Tribute to William H. Brownlee
Professor William H. Brownlee died unexpectedly on July 16  of complications following surgery. His death only a year after his retirement as Professor of Religion at Claremont Graduate School came as a shock to the academic community. He will be greatly missed at the Institute, where he has been active over the years as the Director of the Institute’s Dead Sea Scrolls Project.
Brownlee was a junior Fellow at the American Schools of Oriental Research in Jerusalem at the time the Dead Sea Scrolls surfaced. The scrolls were brought to the school when its Director was away on a field trip. So it fell to Brownlee and John Trever, the other Fellow in residence that year, to make the first assessment of the scrolls. Their conclusions as to the age, authenticity and importance of the scrolls could have been passed off as youthful exuberance, if it were not that their report, sent to the dean of Old Testament scholars William F. Albright, received his stamp of approval.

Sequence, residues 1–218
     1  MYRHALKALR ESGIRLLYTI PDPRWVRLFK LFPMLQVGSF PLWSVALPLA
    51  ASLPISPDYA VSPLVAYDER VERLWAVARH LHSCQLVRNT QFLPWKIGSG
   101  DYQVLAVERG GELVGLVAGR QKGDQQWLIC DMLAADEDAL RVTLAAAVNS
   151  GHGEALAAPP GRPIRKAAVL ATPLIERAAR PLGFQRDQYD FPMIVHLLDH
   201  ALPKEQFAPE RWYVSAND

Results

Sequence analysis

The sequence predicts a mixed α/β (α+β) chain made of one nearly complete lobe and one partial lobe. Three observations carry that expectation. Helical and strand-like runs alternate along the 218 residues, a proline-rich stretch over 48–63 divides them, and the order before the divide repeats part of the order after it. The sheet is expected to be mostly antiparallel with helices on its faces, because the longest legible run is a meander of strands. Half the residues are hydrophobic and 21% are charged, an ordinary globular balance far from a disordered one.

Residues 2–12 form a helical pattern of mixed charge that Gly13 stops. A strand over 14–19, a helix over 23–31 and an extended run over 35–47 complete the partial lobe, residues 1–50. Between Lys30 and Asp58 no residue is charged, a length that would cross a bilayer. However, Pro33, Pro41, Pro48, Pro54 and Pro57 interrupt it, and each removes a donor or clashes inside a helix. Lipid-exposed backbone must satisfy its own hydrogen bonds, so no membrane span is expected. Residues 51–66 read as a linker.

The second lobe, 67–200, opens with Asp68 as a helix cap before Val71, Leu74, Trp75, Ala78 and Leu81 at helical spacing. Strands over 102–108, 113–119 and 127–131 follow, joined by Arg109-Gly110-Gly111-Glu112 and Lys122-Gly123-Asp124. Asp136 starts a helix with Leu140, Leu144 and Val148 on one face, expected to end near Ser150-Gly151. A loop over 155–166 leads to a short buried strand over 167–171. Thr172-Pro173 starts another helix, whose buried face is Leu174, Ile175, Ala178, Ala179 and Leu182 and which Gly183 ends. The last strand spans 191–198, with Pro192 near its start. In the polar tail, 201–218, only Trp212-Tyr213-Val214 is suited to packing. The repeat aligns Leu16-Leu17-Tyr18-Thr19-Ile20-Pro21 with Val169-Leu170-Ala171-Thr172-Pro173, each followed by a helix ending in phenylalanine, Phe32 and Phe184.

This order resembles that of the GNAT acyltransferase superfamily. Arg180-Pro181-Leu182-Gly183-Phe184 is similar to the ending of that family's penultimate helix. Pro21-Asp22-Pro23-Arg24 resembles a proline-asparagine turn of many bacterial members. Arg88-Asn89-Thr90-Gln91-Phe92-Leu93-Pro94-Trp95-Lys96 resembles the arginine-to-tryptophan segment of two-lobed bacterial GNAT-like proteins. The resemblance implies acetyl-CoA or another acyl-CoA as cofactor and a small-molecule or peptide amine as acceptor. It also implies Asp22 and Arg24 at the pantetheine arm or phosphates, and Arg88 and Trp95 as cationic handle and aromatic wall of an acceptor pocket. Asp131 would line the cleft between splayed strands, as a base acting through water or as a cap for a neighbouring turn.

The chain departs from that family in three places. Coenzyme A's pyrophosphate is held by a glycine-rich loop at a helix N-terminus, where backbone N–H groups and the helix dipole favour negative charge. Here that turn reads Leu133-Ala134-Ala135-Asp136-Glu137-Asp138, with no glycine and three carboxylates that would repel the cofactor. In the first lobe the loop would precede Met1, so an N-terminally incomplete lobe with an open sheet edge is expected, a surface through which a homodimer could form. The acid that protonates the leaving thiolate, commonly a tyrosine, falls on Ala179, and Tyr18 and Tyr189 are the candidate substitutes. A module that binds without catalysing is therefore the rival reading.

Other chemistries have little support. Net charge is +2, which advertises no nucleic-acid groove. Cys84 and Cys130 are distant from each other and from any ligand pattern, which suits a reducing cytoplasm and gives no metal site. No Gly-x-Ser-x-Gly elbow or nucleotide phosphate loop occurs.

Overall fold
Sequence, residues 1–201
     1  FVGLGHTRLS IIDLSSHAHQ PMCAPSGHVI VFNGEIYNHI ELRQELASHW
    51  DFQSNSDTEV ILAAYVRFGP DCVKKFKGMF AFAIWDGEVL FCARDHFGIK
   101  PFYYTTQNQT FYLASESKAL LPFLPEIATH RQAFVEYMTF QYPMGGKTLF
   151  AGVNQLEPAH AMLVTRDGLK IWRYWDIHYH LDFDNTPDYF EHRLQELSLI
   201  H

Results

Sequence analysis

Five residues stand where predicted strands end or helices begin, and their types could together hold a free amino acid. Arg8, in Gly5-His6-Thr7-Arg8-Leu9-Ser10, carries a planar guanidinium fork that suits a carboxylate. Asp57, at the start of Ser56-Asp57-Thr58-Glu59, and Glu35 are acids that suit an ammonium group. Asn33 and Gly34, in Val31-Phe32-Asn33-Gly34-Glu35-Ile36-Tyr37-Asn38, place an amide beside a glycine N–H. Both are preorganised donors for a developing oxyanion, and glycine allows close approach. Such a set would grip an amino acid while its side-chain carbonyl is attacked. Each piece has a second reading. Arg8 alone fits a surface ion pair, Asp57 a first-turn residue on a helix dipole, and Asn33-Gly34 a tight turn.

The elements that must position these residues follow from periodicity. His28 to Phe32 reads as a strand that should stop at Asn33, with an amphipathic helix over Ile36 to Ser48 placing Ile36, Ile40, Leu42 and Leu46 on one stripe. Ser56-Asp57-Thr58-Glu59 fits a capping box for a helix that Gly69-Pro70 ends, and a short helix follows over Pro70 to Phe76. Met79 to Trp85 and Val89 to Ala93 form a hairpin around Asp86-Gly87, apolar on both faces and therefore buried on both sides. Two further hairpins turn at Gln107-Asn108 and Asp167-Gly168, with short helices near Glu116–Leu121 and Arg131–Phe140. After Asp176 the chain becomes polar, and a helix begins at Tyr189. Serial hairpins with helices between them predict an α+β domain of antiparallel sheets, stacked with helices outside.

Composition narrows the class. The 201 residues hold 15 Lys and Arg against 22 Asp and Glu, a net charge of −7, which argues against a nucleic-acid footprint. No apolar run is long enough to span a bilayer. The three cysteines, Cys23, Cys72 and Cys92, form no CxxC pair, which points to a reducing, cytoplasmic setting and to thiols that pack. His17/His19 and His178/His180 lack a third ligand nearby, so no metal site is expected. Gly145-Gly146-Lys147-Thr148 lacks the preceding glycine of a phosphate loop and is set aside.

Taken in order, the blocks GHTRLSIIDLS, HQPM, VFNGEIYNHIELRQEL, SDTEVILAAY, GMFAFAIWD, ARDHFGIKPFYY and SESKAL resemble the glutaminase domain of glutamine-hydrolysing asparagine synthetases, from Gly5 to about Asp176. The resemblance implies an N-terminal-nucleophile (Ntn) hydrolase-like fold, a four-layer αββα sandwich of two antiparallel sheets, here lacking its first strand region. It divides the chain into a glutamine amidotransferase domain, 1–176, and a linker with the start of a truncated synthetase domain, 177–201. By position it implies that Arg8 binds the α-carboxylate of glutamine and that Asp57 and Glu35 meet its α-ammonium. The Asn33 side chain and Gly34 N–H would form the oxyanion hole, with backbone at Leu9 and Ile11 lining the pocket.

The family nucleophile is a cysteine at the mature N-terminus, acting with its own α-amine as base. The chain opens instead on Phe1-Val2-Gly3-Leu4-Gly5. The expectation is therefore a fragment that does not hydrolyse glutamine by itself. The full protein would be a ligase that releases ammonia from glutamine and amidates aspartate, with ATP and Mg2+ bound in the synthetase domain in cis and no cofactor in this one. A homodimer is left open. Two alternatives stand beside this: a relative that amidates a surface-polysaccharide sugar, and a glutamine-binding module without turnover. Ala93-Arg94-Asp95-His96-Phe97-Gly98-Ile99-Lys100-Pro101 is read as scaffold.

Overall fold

Brownlee published the first study of the Habakkuk commentary in 1948. It was followed, in 1959, by a study of The Text of Habakkuk in the Ancient Commentary from Qumran, and in 1964 by a more general volume entitled The Meaning of the Qumran Scrolls for the Bible. His project at the Institute in more recent years produced the first commentary on the ancient Habakkuk commentary: The Midrash Pesher of Habakkuk, published in 1979.
Memorial services were held in Claremont on July 19, at Claremont Presbyterian Church. The interment was at the family home in Kansas. Contributions may be made to the memorial fund of the Claremont Presbyterian Church or to that of the Institute for Antiquity and Christianity.
--IAC Bulletin vol. 10, no. 3 (September 1983): 6.